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Laura’s Law ten years later: Progress slow, effects dramatic

Ten years ago today, a delusional Scott Thorpe went on a shooting rampage in Nevada City and Grass Valley that left Laura Wilcox, 19, Pearlie Mae Feldman, 68, and Michael Markle, 24, dead. Several other victims were wounded in the attacks.

The death of their daughter spurred Nick and Amanda Wilcox of Penn Valley to push for the passage of what became known as Laura’s Law – legislation designed to authorize court-ordered outpatient treatment for people with severe, untreated mental illness.

Then-Gov. Gray Davis signed the bill in 2002.

In the 10 years since Laura’s death, what has the law named in her honor accomplished?

Out of 58 counties in California, only Nevada County has fully implemented an assisted outpatient treatment program under Laura’s Law – and not until 2008. Los Angeles County has opted into a small pilot program.

“When the law was originally proposed, it had funding associated with it,” Nick Wilcox said.

“But two things happened, more or less simultaneously. First of all, the state budget tanked. And second, John Burton (then a powerful state senator from San Francisco) was not a supporter, and did everything in his power to try to derail it.”

So the bill passed, but without any funding, Amanda Wilcox said. That meant counties could only implement Laura’s Law if it didn’t supplant other funding.

What made implementation possible in Nevada County was the passage of Proposition 63, the Mental Health Services Act that provided increased funding, personnel and other resources to support county mental health programs.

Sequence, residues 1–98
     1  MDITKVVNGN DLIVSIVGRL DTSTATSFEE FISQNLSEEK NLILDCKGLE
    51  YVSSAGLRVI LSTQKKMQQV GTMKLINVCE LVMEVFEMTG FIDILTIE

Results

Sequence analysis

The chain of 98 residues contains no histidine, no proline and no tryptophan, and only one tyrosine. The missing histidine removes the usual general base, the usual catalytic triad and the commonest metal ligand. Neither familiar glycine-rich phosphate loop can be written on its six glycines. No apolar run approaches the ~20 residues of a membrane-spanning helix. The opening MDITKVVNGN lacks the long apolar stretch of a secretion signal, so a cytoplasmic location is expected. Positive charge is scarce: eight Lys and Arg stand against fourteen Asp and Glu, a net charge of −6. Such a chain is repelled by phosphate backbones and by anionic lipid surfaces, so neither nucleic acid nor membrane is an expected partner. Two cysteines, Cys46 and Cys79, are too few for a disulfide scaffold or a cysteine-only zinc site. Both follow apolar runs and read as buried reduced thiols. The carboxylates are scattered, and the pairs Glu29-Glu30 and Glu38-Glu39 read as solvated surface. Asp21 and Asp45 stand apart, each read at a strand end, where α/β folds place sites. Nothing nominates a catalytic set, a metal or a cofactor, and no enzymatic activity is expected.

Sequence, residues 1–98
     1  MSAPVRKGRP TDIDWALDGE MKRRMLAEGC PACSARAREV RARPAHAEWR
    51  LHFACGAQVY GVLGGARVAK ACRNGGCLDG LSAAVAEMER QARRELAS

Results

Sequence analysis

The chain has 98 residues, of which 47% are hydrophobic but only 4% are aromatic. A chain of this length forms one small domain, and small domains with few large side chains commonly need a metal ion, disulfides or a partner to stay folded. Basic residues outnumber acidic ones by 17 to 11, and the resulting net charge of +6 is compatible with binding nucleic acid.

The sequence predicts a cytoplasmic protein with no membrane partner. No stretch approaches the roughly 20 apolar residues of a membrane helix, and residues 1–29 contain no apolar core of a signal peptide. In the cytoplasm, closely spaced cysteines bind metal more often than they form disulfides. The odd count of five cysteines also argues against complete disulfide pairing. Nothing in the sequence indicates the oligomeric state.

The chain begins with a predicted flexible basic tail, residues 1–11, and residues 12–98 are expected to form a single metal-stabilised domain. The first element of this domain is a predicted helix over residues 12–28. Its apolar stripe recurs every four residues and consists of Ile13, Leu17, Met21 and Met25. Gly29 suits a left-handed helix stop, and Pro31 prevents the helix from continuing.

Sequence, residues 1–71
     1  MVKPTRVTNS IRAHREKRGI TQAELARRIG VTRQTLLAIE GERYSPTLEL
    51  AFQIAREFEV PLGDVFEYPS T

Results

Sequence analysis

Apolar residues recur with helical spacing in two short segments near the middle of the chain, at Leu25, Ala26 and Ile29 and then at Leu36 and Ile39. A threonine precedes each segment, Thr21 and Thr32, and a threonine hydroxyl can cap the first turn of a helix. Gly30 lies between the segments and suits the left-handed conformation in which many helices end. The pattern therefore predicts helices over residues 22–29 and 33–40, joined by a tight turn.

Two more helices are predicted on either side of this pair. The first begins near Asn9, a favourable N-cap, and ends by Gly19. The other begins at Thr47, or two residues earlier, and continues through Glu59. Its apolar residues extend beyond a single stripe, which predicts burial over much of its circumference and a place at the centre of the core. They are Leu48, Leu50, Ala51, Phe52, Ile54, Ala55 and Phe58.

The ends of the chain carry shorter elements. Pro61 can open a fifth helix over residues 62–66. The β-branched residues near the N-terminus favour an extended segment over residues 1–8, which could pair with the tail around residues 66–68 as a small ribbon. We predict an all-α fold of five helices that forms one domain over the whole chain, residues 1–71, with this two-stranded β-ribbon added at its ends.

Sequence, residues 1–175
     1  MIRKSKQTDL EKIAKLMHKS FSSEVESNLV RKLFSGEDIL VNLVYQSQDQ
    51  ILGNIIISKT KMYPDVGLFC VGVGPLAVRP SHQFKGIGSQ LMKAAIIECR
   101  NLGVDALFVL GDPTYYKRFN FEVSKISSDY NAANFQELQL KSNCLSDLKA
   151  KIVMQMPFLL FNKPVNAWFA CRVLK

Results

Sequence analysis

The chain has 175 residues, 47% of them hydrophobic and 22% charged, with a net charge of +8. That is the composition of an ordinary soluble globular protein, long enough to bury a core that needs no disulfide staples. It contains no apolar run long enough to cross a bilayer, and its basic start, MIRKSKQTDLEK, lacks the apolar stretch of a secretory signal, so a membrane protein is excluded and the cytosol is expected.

“We sued Nevada County, and the primary dismissal condition was that if Prop 63. passed, Nevada County would implement Laura’s Law,” Nick said.

“We put our (lawsuit) settlement money into getting the proposition passed,” Amanda said. “We wanted to make a long-term difference.”

The Wilcoxes also had to put pressure on the state to allow those MHSA funds to be used for Laura’s Law, they said.

Nevada County implemented Laura’s Law in May 2008; Turning Point Providence Center, in Grass Valley, provides the assisted outpatient treatment services.

As of today, 23 individuals have been referred for evaluation through Laura’s Law, said program director Carol Stanchfield.

Once someone is referred, therapists immediately begin meeting with them and providing treatment, Stanchfield said. She stressed that Turning Point is a voluntary program – no one can be forced to take medication.